The GPS is a big step forward as it now can receive all satellite systems at once, which heightened the accuracy.

Worthy battery life

This is the core of watches. The battery is immaculate and its capacity increased by almost 100 %! To make it more clear, I made this chart with all the data:

Garmin Venu SQ 2
Garmin Venu SQ 2 Music
Garmin Venu SQ
Garmin Vívoactive 4
Smartwatch mode
11 days
11 days
6 days
8 days
Battery saver
12 days
12 days
GPS 26 hrs
26 hrs
14 hrs 18 hrs
All navigation systems
20 hrs
20 hrs
All nav. systems + music
7 hrs
7 hrs
6 hrs (GPS only)
6 hrs (GPS only)

The chart shows the clear difference and improvement in comparison with the previous generation; the watch, doesn't matter if you exercise every day, can last 7 days with no problem. And if you decide to switch on the "GPS only" mode, you can run for 24 hours or two marathons if you'd like.

Sporty soul inside

The watch got the usual Garmin sports pack minus a few sports like trail run or turism. We can choose from the basics like running, cycling, walking, yoga, and other sports (there are 28 to choose from unlike the previous 23). What was added is the h(i)it of today – HIIT. And also tennis, pickleball, etc... When it comes to running, there are some pre-installed training sessions, and the watch can display up to 4 data area on one screen.

If you forget to turn on the activity you're doing, the watch recognises an activity and switches on monitoring on its own after a while, and that's something I like. Before, the Move IQ feature only showed you a graph in Garmin Connect, hey, you were doing something, but didn't switch on the exercise monitoring itself.

I wish there were more smart features

Again, not much has changed from the previous generation. So, we have to be satisfied that we get NFC, pre-set notification replies, and a music feature in the Music version (500 songs + streaming service option).

The only new feature of the watch is having Garmin Connect IQ on your watch, so you can download apps for your watch with no limit.

It's only a pity that Garmin didn't use more city-life features and didn't add calling in the range of Bluetooth as we know it from the Garmin Venu 2 Plus model, or open notification replies. Looks like we're gonna have to wait for that.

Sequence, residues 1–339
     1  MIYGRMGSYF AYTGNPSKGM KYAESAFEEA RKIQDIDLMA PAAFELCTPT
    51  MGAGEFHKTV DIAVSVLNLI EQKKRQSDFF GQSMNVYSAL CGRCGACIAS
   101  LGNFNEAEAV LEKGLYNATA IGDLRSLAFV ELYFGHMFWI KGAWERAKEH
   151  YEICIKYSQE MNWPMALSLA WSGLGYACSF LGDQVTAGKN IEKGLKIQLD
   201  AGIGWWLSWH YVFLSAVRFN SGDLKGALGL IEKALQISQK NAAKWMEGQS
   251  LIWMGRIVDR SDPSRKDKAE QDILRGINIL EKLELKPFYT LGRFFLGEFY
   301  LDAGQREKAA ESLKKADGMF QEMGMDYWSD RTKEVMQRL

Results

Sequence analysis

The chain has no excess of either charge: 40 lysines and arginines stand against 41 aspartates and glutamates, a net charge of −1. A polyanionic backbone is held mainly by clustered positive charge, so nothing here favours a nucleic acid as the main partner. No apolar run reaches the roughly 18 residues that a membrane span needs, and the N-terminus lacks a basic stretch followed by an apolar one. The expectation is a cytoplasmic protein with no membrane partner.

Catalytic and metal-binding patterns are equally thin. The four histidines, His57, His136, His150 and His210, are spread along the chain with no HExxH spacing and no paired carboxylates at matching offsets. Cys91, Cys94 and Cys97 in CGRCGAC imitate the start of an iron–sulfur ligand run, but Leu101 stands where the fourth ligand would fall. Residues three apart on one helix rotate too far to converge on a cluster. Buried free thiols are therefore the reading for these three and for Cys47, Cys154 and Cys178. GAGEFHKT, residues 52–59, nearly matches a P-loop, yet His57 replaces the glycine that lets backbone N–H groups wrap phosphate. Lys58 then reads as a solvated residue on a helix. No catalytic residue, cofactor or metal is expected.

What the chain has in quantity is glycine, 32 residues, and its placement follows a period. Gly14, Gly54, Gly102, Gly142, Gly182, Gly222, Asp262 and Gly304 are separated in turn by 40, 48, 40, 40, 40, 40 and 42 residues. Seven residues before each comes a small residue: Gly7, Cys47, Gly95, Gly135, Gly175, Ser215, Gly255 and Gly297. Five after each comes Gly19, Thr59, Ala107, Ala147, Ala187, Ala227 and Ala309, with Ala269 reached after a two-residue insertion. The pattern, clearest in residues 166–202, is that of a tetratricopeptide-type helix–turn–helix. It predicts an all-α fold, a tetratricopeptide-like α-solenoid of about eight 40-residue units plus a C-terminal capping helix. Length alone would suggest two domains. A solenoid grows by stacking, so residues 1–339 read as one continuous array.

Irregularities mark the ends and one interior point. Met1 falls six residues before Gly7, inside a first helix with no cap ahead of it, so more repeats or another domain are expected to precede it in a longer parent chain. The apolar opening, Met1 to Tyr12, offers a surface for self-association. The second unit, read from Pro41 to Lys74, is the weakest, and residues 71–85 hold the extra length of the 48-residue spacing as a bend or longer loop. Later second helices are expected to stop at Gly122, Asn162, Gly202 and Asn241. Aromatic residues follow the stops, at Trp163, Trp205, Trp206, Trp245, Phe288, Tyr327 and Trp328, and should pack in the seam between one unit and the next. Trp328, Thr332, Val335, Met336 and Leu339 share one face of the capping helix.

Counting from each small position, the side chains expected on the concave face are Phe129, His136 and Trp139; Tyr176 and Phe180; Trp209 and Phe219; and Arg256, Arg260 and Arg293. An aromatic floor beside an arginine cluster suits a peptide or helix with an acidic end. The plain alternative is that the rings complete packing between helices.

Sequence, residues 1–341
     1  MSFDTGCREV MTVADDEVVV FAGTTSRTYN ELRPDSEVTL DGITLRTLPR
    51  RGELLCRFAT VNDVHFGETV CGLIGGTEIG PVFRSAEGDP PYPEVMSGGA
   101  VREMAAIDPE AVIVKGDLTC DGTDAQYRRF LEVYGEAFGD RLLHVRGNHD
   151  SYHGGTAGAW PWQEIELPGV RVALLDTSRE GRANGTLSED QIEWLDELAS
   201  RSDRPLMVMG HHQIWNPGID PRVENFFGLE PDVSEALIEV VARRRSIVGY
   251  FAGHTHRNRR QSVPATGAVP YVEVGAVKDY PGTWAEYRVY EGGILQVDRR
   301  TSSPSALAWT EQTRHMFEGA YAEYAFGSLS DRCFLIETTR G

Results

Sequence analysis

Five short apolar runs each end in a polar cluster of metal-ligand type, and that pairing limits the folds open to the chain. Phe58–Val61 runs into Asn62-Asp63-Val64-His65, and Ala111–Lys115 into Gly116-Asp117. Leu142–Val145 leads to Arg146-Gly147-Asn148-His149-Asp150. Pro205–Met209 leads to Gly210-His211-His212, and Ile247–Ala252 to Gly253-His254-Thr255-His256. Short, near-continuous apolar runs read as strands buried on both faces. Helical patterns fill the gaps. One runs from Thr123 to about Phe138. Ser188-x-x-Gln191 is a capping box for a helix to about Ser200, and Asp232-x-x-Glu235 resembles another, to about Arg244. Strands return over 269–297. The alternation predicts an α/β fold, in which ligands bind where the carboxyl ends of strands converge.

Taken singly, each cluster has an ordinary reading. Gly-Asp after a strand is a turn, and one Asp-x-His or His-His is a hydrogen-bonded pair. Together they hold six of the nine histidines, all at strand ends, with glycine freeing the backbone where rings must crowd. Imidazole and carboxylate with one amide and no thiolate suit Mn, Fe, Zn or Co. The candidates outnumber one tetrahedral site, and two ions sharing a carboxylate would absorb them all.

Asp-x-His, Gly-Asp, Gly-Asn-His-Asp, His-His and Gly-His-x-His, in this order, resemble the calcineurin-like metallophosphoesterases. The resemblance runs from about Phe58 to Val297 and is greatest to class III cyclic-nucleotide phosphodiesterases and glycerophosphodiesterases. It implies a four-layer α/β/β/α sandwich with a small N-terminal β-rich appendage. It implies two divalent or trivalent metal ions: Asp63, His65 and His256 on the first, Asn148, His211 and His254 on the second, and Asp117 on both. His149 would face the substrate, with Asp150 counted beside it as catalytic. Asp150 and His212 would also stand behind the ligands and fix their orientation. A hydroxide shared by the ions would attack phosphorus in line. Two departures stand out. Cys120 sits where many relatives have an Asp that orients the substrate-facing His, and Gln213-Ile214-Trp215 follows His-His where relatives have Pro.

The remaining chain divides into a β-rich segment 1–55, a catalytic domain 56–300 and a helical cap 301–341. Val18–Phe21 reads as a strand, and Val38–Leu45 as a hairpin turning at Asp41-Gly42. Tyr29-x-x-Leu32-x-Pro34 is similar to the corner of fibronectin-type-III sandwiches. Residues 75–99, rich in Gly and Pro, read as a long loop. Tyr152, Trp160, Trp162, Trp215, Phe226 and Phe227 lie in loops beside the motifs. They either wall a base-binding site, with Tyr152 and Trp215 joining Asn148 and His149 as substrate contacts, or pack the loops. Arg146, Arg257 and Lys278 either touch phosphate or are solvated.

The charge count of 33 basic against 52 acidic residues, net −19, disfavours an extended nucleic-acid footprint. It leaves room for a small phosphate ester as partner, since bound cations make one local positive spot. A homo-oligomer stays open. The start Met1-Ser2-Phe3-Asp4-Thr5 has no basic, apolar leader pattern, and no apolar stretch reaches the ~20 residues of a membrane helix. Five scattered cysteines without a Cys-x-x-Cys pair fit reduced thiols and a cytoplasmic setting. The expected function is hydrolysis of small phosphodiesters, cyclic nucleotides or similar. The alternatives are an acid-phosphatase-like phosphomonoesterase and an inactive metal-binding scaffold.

Health in the first place

Health snapshot is basically in every new review that we write, and it is only good that Garmin decided to add it to this watch. Featuring this feature, you can learn your average heart rate, SpO2, heart-rate variability and stress levels after mere two minutes of resting. It helps you recognise fatigue, or even starting illness if your values are off. Or you basically drank more than you should have last night.:)

Among the basic features, there is pedometer, calorie counting, all-day heart rate monitoring or monitoring of your breathing. For women, there is the period tracking, and men (who are known for short-term memory) can tick off how much they drank during the day.


This watch is like a big spoon mixing my thoughts because I simply cannot make up my mind about it. Basically nothing changed besides the battery and AMOLED display, and I wouldn't be surprised if the old Venu SQ got an upgrade of new features like the health snapshot. But it's more than great that the battery increased by so much, it won't run out of juice so much.

If you want to upgrade your first generation, it is worth it for people who need a better battery and more accurate GPS. I would expect a larger price difference between the models with and without music (it is around 30 EUR), but Garmin probably chose a difference pricing strategy.

As an alternative, I think the Amazfit GTS 3 model or the new, unrelease for now, Amazfit GTS 4, would be great. And if you don't mind round curves, you can check out the Huawei Watch GT 3GT 3 PRO, or Suunto 7.

And how do you like this watch?